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Searchers Were Within Earshot of Missing Girl

Elizabeth Smart, for a time held just miles from her home, could hear her uncle's voice.

March 14, 2003|Tomas Alex Tizon | Times Staff Writer

SALT LAKE CITY — For two months after being abducted from her bedroom last summer, Elizabeth Smart was held captive in the foothills just a few miles behind her family's million-dollar home, a place of densely knotted brush where she heard the voices of searchers yelling out her name during those first frantic days.

Family members said that after she was abducted in June, the teen was "brainwashed" and forced to live the life of a religious vagabond.

The couple accused of taking her, Brian David Mitchell, an itinerant street preacher and panhandler, and his wife, Wanda Barzee, took the girl to San Diego, where the trio lived in campsites and Mitchell was arrested and jailed for breaking into a schoolroom.

But they apparently spent at least some of the last nine months in the Salt Lake area, among residents and investigators desperately searching for Elizabeth, now 15.

On separate occasions, the three, dressed in distinctive biblical robes, with Elizabeth and Barzee wearing veils, were photographed or filmed attending a beer party nine blocks from the Smart family home and picnicking at a nearby city park. At one time last fall, they may have stayed in a basement room just around the corner from the Salt Lake City Police headquarters.

After leaving the Salt Lake area in October, the trio spent most of the winter traveling, returning here by bus Wednesday. Police confronted them that day and the three identified themselves as a family, the Marshalls, from Florida. Elizabeth, wearing a wig, veil and sunglasses, reportedly told officers her name was Augustine Marshall, and that she was a child of God.

One of the arresting officers said Elizabeth seemed tense: "We took her aside ... she kind of just blurted out, 'I know who you think I am. You guys think I'm that Elizabeth Smart girl who ran away," said Sandy Police Officer Troy Rasmussen.

"I could see her heart beating under her shirt" before she revealed her true name, Rasmussen said.

Police Chief Rick Dinse said it was clear that Elizabeth did not find it easy to escape from her captors, and that she was likely "psychologically affected" by her ordeal and by the couple's manipulations.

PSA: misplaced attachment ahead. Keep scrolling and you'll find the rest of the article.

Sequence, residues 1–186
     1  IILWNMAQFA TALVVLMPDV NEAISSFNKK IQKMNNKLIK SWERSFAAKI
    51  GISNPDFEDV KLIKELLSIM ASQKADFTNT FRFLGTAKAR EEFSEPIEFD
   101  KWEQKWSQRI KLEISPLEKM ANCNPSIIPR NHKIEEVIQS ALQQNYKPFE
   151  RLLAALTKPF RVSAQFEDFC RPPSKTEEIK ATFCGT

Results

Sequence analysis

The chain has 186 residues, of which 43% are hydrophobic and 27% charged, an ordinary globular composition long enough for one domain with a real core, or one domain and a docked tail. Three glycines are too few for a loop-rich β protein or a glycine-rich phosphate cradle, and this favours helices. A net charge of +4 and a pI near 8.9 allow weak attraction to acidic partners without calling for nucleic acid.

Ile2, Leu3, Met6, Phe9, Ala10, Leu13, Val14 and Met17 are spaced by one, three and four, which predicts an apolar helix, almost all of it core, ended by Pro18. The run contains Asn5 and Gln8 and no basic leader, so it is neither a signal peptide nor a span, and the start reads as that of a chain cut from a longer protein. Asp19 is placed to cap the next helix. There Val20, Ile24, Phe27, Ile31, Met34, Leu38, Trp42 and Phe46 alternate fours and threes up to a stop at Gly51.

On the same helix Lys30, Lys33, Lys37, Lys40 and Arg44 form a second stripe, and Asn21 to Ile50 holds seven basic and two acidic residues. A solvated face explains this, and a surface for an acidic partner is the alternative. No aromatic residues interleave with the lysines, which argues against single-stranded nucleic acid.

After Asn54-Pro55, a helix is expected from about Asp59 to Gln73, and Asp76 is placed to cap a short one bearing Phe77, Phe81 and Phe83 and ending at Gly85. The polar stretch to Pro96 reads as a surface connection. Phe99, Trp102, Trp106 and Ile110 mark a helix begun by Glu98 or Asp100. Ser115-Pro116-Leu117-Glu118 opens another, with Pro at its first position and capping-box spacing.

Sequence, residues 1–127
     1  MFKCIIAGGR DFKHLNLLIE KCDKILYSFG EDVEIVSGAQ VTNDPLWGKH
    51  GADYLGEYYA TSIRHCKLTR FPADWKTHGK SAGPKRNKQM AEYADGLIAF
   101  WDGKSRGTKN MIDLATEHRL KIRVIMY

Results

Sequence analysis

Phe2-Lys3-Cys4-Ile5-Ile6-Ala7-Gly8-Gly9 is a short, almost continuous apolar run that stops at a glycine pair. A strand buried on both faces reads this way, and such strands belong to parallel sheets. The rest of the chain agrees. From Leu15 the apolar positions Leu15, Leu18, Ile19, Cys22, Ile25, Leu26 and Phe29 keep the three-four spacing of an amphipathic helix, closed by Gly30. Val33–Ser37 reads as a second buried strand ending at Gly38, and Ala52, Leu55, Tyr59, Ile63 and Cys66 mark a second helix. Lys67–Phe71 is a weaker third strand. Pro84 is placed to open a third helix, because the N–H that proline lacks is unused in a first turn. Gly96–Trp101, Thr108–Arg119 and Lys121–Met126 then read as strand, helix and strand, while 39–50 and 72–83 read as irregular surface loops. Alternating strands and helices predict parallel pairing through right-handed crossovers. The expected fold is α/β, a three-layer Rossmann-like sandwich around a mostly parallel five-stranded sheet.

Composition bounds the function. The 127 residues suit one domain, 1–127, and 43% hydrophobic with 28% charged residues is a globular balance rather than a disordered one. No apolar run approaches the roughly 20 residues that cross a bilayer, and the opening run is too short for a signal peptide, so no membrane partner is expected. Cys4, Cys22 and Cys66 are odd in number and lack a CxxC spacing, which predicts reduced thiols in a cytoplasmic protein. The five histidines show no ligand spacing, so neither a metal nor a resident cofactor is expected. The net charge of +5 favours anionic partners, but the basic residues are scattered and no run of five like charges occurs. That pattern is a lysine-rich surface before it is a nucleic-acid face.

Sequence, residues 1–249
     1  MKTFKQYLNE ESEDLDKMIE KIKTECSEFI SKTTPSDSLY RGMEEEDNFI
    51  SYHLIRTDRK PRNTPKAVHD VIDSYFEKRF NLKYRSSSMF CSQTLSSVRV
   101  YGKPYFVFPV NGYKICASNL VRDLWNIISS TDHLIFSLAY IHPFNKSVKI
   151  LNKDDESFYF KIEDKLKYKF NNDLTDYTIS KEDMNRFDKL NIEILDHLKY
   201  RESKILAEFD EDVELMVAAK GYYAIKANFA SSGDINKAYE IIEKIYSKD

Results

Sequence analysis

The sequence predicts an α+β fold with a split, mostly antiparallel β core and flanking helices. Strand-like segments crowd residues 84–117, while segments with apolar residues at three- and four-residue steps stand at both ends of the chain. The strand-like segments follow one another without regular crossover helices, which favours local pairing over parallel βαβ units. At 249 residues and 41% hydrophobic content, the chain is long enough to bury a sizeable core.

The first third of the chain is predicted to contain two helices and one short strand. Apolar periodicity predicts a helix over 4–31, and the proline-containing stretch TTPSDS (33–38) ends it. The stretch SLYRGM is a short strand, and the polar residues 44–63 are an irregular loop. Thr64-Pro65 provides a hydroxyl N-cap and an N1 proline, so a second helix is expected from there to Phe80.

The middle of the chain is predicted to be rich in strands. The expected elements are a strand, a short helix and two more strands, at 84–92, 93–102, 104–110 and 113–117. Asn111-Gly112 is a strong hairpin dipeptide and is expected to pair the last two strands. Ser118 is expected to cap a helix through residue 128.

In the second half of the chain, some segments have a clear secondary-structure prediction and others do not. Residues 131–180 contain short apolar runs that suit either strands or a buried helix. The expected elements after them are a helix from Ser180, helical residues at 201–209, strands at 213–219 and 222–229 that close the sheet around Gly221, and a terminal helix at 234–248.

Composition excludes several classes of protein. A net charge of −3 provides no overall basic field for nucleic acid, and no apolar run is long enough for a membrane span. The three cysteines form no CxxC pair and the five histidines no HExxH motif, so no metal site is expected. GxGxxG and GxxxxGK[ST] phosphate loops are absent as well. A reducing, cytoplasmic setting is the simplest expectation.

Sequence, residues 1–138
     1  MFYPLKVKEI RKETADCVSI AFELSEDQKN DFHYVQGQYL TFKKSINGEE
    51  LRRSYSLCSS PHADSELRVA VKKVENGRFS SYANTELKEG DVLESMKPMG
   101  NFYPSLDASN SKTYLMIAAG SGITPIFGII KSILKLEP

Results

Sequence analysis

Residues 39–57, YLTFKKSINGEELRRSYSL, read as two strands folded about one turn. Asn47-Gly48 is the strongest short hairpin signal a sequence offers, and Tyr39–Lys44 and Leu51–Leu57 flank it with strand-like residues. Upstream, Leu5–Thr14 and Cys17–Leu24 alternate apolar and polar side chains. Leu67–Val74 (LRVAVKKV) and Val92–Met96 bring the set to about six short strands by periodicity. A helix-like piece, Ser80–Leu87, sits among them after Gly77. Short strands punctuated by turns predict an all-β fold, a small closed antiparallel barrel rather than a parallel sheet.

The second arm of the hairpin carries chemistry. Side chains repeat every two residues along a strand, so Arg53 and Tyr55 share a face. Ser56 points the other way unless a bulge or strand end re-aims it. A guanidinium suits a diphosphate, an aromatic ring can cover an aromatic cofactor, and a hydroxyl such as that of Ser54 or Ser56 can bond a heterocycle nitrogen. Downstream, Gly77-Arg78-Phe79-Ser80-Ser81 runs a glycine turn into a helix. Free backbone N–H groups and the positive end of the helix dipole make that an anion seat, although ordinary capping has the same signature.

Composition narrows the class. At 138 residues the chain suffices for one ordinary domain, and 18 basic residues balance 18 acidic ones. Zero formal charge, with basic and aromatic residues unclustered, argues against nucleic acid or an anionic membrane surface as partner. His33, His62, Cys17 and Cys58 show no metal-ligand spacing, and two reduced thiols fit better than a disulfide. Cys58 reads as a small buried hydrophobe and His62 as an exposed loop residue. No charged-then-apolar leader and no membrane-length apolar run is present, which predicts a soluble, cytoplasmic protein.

Dinse described Mitchell as a "self-proclaimed polygamist" but would not say whether Elizabeth had been abducted to become his wife, saying only that the matter is being investigated. The chief also would not say whether Elizabeth had been sexually assaulted. "That is something else we are not going talk about, what physically happened to her," he said.

Dinse and other law enforcement officials acknowledged that they did not move as efficiently as they could have in solving the case, perhaps spending too much time on wrong suspects such as Richard Albert Ricci, an itinerant laborer with a long criminal history. (Ricci died in February of a brain hemorrhage while in custody.)

Family members told police about Mitchell in October, but after the police refused to release three composite sketches of Mitchell, the Smart family in February went to the television show, "America's Most Wanted," for help.

Dinse said investigators were concerned the sketches would bring in false leads and bog down the case.

A spokesman for Salt Lake City Mayor Rocky Anderson said Thursday he is considering an investigation on the police's handling of the case.

Tensions between police and the Smart family seemed swept aside by the happy ending, with Smart family members saying that everyone makes mistakes -- police included.

Prosecutors, busily going through stacks of documents and tracing the trio's movements over the last nine months, say they expect indictments as early as today. The couple, among other things, would face charges of aggravated kidnapping.

"It's real. It's real," Edward Smart, the teen's father, told supporters and media gathered outside their church Thursday afternoon. The crowd rose and applauded, but minutes later were silenced by Smart's emotional account of his daughter's ordeal, saying that she had gone through "hell," that she had been "brainwashed" and that Mitchell was "an animal" who had no idea what nightmare he had brought upon the Smart family and the city of Salt Lake City.

Smart said Mitchell had stalked his daughter, "hiding in the bushes" behind the family home "and watching her" in the weeks before her June 5 abduction. Mitchell had done yard and roofing work for the family seven months earlier and was familiar with the premises.

Smith said that in June, Mitchell had crawled in through a window screen that he had cut open, and used a knife, not a gun as originally reported, to force Elizabeth out of the house. The two walked out through a back door and disappeared into the night. Search dogs at the time followed Smart's trail until it ended at a cul-de-sac abutting the foothills of the 1.2-million-acre Wasatch National Forest.

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